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Frank Augstein/AP
The scene of a collapsed archive building in downtown Cologne.

What Does the Cologne Building Collapse Mean for the Future of Archive Preservation?

March 05, 2009 02:30 PM
by Sarah Amandolare
With a massive Cologne archives building in ruins, the world turns its attention to digital preservation projects and innovative library restoration efforts.

Cologne Starts From Scratch

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In Cologne, Germany, a six-story building that housed a significant portion of cultural archives collapsed yesterday within three minutes. Among the documents were drafts and papers of Nobel prize-winning writer Heinrich Böll, and Karl Marx’s 19th century manuscripts, according to The Times of London. Police searched for survivors with dogs while engineers tried to figure out why the building collapsed. Preliminary reports blame nearby subway construction as the cause of the building’s collapse.

According to Deutsche Welle, the building was the “largest municipal archives north of the Alps,” and was stocked with “65,000 original documents dating from the year 922.” But there is hope for restoration: There are already about 20 archivists at work on the site, and thousands of “microfilm duplications of the material archived in Cologne” had previously been transferred to a second location in the Black Forest.
The catastrophe will undoubtedly challenge German archivists and librarians, but could also reveal new methods of restoration. UNESCO lists audio and visual archives that were lost or destroyed in the 20th century, dating back to 1904 when a fire destroyed Italy’s National Library at the University of Torino. Past archive losses could provide insight for Germany, and university libraries could come to Cologne’s aid, as they have in Bosnia and Iraq.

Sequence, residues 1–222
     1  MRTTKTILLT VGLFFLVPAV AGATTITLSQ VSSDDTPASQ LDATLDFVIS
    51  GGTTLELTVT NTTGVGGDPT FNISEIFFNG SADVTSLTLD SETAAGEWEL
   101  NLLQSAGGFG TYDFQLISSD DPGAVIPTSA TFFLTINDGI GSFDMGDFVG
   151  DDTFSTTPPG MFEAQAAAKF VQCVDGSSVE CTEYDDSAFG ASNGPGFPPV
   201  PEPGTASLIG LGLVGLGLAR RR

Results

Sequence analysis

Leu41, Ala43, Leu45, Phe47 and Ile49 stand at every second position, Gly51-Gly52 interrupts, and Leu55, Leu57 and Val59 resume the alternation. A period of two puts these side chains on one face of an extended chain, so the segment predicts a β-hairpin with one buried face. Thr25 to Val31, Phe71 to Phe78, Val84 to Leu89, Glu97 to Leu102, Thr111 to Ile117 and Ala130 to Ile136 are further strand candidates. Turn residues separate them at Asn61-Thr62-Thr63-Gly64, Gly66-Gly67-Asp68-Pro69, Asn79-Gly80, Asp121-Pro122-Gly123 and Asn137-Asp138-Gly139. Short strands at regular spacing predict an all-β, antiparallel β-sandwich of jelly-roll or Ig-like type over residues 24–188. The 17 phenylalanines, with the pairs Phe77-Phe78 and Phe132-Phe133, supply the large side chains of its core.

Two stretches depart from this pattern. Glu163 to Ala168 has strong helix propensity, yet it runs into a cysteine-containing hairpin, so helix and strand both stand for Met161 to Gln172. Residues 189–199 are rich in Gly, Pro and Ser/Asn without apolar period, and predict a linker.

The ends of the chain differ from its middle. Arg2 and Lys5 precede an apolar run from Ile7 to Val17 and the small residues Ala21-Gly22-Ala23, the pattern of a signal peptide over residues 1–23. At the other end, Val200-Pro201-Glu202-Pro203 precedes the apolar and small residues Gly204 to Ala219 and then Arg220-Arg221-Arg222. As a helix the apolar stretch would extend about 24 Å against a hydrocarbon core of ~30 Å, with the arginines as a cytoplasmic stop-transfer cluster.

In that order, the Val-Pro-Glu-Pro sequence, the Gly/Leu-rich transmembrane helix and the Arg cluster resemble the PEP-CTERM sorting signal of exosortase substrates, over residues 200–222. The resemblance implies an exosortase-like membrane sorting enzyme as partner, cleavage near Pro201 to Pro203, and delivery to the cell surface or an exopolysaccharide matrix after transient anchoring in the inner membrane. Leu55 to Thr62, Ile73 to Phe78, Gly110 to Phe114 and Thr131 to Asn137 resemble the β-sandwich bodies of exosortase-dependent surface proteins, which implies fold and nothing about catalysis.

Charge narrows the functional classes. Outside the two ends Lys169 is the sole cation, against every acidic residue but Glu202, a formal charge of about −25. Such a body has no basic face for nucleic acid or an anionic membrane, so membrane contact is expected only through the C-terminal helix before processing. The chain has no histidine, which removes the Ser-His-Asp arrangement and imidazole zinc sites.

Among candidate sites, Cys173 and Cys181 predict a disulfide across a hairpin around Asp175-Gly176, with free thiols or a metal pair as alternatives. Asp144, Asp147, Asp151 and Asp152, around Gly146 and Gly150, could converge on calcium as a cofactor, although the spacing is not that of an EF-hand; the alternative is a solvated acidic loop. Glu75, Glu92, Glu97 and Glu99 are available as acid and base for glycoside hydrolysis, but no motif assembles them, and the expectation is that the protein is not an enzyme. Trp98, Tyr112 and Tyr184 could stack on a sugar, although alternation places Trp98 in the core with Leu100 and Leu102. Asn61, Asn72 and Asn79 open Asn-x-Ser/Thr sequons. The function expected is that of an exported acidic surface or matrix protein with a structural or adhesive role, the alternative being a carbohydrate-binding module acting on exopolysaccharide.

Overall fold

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Related Topic: Libraries destroyed in wartime

After war destroyed a university library in Sarajevo, the University of Michigan organized a revival project led by a “working group on southeast European studies.” The group gathered nearly 3,000 works on Bosnia and Herzegovina from the University of Michigan libraries and presented the items to university officials in Sarajevo. Dr. Robert Donia, a University of Michigan historian who studied in the Sarajevo library as a graduate student in the 1970s, told Times Higher Education that the building “will never be the same. But the collection itself can substantially be reconstituted with the aid of Bosnia's friends around the world.”

A similar situation occurred in Iraq, when Harvard University spearheaded efforts to restore Iraqi libraries, which have been severely neglected and damaged by years of war. Harvard’s initiative involved training librarians in modern collection preservation and cataloguing methods, helping them to augment and develop their holdings, and teaching them about “online information systems.”

Reference: Digital preservation

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